We love pharma. We love digital. And sometimes we like things like LOLcats and funny YouTube videos and online comics. So we share them with you. Because we’re not just a news feed, we’re people. And this human aspect is so important to social media. Think about the last Pharma conference you attended. Now think about the cocktail reception afterward. Chances are, we sponsored it. We love parties. We love getting to know you all. Now remember all the people you were talking to at the last cocktail reception, and try to remember what you were all talking about. You probably realized that it didn’t have anything to do with digital or Pharma. In the past year, we’ve shared insights with you about things like technological innovation, social media marketing, and the FDA. But we’ve also talked about having your first kid, switching jobs, the best places to eat in Philadelphia, and who our favorite comedians are. I was actually surprised at how many people were interested in my previous stint as a fashion marketer and why I think Ryan Gosling is one of today’s best young actors. And that conversation is just as important as the ones we have in boardrooms and at conferences. The way I see it, social media is about people first, information second. I follow you on Twitter and I’m your friend on Facebook because I want to know more about you, not just what you do.

Name names.

Just like the last tip, it’s all about humanizing your brand. Certain corporate conventions call for social media messaging to go out on behalf of the company – in fact, we follow that convention on Twitter. But that doesn’t mean that you can’t call out certain individuals. For instance, you’re probably familiar with DJ Edgerton (@wiltonbound) or Guy Mastrion (@gmastrion) because we often mention them. That way, when you meet Pixels & Pills at industry events, you know you’re meeting real people. We call out the authors of each of our blog posts because we want you to be able to get in touch with us if we write something that you agree or disagree with. We want you to know that this isn’t just content for content’s sake; these are our thoughts, our opinions, and things we feel passionately about and love talking about with other people. Let your audience get to know the people behind your brand.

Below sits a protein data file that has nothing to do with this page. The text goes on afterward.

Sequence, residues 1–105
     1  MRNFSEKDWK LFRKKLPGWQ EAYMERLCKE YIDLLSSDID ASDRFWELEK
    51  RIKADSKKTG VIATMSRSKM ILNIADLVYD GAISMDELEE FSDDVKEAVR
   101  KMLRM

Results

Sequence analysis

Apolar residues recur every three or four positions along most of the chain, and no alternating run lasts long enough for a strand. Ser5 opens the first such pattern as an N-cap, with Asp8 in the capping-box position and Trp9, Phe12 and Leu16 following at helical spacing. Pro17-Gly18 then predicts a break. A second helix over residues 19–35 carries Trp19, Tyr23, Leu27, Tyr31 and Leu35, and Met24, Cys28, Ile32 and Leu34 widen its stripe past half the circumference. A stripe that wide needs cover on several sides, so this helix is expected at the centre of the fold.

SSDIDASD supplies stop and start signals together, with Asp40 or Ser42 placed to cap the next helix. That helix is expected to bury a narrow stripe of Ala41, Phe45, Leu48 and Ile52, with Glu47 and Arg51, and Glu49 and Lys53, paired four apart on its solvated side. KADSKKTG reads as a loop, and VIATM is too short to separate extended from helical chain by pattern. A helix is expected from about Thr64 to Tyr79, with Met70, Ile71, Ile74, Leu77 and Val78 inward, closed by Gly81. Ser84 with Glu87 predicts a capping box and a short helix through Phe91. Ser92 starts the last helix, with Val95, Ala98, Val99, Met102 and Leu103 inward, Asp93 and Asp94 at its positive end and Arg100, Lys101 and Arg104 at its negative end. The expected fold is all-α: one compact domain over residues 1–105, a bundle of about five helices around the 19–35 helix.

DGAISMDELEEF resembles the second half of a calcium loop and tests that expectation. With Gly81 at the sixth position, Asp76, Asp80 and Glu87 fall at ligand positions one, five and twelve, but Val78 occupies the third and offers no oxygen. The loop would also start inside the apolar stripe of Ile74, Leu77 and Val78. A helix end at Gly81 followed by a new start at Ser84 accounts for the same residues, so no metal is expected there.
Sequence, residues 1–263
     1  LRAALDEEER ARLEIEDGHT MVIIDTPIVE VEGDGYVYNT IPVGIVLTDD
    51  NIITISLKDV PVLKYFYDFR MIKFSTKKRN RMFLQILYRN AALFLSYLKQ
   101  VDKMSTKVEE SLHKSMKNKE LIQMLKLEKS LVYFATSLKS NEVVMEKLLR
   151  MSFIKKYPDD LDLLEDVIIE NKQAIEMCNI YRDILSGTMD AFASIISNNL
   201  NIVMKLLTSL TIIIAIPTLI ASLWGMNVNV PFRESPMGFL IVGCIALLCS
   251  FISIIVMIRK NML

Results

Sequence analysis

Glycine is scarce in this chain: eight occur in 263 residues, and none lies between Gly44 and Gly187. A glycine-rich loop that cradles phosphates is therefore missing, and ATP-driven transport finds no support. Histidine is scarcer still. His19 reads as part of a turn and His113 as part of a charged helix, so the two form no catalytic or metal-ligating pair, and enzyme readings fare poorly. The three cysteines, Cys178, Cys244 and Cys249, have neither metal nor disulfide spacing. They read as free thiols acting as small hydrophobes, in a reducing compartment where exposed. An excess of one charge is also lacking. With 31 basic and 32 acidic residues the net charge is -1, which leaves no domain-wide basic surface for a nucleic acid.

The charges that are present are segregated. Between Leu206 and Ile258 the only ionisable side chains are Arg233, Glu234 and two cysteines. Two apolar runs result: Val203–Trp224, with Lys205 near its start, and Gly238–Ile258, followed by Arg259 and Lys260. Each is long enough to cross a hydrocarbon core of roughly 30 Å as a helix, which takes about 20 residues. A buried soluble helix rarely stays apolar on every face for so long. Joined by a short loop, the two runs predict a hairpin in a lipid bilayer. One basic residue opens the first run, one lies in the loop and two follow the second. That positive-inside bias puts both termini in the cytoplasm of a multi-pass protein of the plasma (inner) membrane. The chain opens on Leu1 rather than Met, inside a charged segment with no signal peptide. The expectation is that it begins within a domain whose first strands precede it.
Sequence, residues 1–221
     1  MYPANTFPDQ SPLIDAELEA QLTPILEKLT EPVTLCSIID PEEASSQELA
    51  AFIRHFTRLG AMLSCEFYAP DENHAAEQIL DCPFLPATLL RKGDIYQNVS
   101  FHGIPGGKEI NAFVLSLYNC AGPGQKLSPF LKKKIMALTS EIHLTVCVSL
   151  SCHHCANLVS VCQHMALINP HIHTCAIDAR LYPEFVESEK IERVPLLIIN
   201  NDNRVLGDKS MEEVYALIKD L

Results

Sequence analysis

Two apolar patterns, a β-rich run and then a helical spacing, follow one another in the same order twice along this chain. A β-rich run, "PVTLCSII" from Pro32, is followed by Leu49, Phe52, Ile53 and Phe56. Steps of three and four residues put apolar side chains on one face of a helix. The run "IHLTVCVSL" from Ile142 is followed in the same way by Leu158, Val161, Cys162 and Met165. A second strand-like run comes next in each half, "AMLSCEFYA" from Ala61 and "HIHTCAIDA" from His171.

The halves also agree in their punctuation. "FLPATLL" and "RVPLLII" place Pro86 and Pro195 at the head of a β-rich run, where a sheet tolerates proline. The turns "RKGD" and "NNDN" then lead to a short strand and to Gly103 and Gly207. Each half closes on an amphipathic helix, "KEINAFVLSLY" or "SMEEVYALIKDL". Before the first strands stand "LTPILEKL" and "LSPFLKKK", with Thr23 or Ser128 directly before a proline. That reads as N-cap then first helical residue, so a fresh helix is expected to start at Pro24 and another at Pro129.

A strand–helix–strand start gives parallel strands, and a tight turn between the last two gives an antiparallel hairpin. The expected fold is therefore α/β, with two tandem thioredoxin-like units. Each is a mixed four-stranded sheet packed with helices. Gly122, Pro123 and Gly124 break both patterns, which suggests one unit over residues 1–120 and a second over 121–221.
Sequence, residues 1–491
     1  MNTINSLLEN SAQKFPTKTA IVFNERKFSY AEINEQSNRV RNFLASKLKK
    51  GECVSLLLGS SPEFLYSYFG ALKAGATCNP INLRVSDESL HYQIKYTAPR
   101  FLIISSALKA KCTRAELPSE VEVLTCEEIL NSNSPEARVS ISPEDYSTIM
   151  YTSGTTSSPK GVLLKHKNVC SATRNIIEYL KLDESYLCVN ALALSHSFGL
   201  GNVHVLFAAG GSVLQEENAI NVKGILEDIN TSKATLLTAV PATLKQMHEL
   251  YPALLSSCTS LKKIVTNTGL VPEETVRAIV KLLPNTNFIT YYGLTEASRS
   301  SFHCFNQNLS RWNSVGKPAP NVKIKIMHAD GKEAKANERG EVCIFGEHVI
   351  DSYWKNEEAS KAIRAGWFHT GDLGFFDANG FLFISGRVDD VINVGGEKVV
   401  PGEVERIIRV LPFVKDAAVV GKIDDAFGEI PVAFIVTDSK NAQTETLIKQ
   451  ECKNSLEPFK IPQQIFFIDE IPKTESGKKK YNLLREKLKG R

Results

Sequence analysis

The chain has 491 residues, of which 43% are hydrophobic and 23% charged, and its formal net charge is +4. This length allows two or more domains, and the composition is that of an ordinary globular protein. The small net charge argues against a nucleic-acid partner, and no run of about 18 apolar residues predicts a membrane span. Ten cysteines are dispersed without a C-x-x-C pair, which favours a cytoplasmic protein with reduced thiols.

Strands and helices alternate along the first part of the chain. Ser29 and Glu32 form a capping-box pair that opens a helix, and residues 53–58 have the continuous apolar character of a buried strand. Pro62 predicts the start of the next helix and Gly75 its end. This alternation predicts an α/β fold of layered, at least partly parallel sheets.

Finally, here are a few tips that need no explanation:

  • Participate in tweetchats
  • Create an editorial calendar to manage all your social media content
  • Queue informational tweets so that you can focus on real-time conversations

Do you have any tips about social media that often get left out? Share them below!

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2 Responses to Advice You Never Get About Social Media

  1. 40deuce says:

    I love the swimming analogy you started with. I think it’s absolutely true. You can read and try to learn as much as you can about social media, but nothing will ever beat actually doing it. By doing it you make your way of doing it. You can incorporate all the things you read (or at least try to), but it will always come out in your way. You need to just start doing, and by remembering tips you read you will eventually carve out your own voice and way of doing things. Your own voice and way of doing things is going to (most likely) be the best way.

    Cheers,
    Sheldon, community manager for Sysomos

  2. admin says:

    Thanks for your comment Sheldon!

    I agree with what you said about “by doing it you make your way of doing it.” I think when we dole out advice on social media strategies as much as we do, we lose that sense of voice and that sense of style that is so critical to establishing your brand. In a way, that’s the quintessential lesson for everyone to learn about social media: everyone does it differently. Thanks again for your great insight.

    Kim